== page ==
Scavenging and Moves

To gather Monster Parts as resources for later use, Adventurers can use the Scavenge Dungeon Move if there are monster remains available (such as following successful combat). In the Hazard System, Adventurers take Dungeon Turns to make Dungeon Moves. Some example defined moves are Climb, Explore, and Search. This is similar to the various traditional D&D X in 6 checks, though more formalized. In practice, players often need not declare Moves explicitly (though they can), but, for example, the referee will naturally interpret moving from one dungeon area to another as the Explore Move and call for a Hazard Die throw. Making Scavenge a Move means that players expend dungeon time in exchange for weapon improvement resources.

Monster Parts as Incentives

Such resources also provide an incentive to engage monsters, though not necessarily directly. Since one can scavenge the corpse of a trapped monster killed from afar just as easily as one slain in a fair fight, and with less risk, players are rewarded for clever stratagems. Hunting monsters for parts also requires taking care to not damage the goods in the process. Unlike in traditional D&D, in my games Adventurers do not get any XP for blasting an enemy to smithereens with a fireball. This incentivizes player creativity much like rewarding experience points for treasure spent, though the best strategies may differ. (I am also rewarding XP for treasure spent.)

Monster Parts and Improving Weapons

Monster Parts can lend additional properties to weapons, such as fire enchantment from fire monsters. Improvise Monster Parts properties using common sense. There is no need to preemptively design a complicated taxonomy. For example, assuming traditional monsters, Monster Parts Scavenged from giant centipedes might be Poison Monster Parts. To increase the difficulty of improving weapons, have only uncommon or rare monster corpses supply useful Monster Parts. I think allowing brutal weapons or creepy upgraded weapons to be built out of common orc or skeleton parts could be fun though. I generally prefer to make just about all possibilities open to low-level characters so I plan to follow the second route (making all monsters provide Monster Parts).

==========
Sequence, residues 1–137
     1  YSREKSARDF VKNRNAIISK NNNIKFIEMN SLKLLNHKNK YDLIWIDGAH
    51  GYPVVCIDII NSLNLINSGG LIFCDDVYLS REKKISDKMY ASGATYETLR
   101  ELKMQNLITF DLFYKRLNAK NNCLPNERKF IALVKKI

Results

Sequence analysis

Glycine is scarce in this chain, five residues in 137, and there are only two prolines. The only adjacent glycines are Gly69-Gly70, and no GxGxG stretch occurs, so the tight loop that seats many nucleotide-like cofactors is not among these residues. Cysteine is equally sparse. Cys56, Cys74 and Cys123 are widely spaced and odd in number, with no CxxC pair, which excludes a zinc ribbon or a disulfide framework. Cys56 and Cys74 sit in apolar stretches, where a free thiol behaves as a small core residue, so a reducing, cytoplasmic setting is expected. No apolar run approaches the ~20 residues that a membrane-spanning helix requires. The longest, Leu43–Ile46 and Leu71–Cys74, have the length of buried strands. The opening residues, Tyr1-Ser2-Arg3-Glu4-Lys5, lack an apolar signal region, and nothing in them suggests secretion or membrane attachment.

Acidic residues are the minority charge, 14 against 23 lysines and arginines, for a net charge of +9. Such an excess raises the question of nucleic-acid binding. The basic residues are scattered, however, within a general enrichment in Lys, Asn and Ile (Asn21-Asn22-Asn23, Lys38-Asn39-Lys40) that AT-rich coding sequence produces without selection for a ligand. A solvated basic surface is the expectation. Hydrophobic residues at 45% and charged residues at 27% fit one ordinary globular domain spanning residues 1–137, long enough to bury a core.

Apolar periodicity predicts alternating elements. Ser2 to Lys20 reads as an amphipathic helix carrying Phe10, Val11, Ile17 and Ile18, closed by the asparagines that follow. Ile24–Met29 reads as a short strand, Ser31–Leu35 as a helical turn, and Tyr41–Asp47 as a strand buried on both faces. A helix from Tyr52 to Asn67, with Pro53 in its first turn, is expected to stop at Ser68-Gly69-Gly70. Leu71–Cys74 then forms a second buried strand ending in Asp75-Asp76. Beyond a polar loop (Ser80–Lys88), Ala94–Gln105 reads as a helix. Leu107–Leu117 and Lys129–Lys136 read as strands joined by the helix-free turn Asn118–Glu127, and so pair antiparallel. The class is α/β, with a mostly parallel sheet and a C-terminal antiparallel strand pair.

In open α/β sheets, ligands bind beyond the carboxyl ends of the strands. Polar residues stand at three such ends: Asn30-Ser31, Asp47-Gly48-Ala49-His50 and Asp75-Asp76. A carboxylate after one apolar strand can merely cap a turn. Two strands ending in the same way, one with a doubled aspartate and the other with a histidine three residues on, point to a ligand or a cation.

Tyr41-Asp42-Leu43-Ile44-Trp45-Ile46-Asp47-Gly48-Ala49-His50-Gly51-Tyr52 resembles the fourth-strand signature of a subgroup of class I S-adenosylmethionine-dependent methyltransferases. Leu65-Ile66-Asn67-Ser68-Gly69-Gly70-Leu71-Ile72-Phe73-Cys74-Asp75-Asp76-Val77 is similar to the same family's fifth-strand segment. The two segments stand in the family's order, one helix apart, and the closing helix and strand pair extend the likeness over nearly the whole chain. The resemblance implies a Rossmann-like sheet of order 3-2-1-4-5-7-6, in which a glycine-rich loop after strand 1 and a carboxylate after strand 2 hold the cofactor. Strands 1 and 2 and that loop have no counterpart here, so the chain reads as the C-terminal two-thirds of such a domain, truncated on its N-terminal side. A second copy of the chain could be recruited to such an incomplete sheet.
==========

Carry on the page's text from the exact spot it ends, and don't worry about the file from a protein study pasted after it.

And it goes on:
For simplicity, do not differentiate between monsters with regard to quantity of Monster Parts available. One Adventurer Scavenges Monster Parts from one monster with one Dungeon Move and that exhausts the monster carcass. Specific or unique monsters may be exceptions to this rule. Six parts per Gear Slot seems like a reasonable default for encumbrance, though this is also something that can easily be adjusted by situational ruling. Maybe dragon Monster Parts take up a full slot per part.

Determining Degree of Scavenge Success

I am planning initially to make Scavenge success depend on a Wisdom Check. Make the check, gain 2 Monster Parts. Fail, gain 1 Monster Part. Critically succeed, gain 3 Monster Parts. Critically fail, spoil the remains. A critical success is the best result from the d20 or success by four or more.This follows my general approach for d20 partial success, based on the OD&D purple worm swallow mechanic. In shorthand, gain degree of success +1 Monster Parts.

Alternatively, substitute some system other than a Wisdom Check to determine Scavenging effectiveness, or just grant a unit of Monster Parts for spending a turn and enduring the roll of the Hazard Die. A simple d6 roll would work, avoiding the influence of ability scores, as would an Apocalypse Engine 2d6 roll with success thresholds at 7+ and 10+. Time passing and resource attrition are the important trade-offs.

Since enchanted weapons are powered by the Adventurer’s soul, improving weapons early in the game need not flood the fictional world with glowing +1 swords.

How many Monster Parts are required to upgrade a weapon and how much does it cost? That seems like a topic for another post and will probably require some experimentation and adjustment during play testing. This post has gone long enough. To end, have a formal rule in the Hazard System style.

Dungeon Move: Scavenge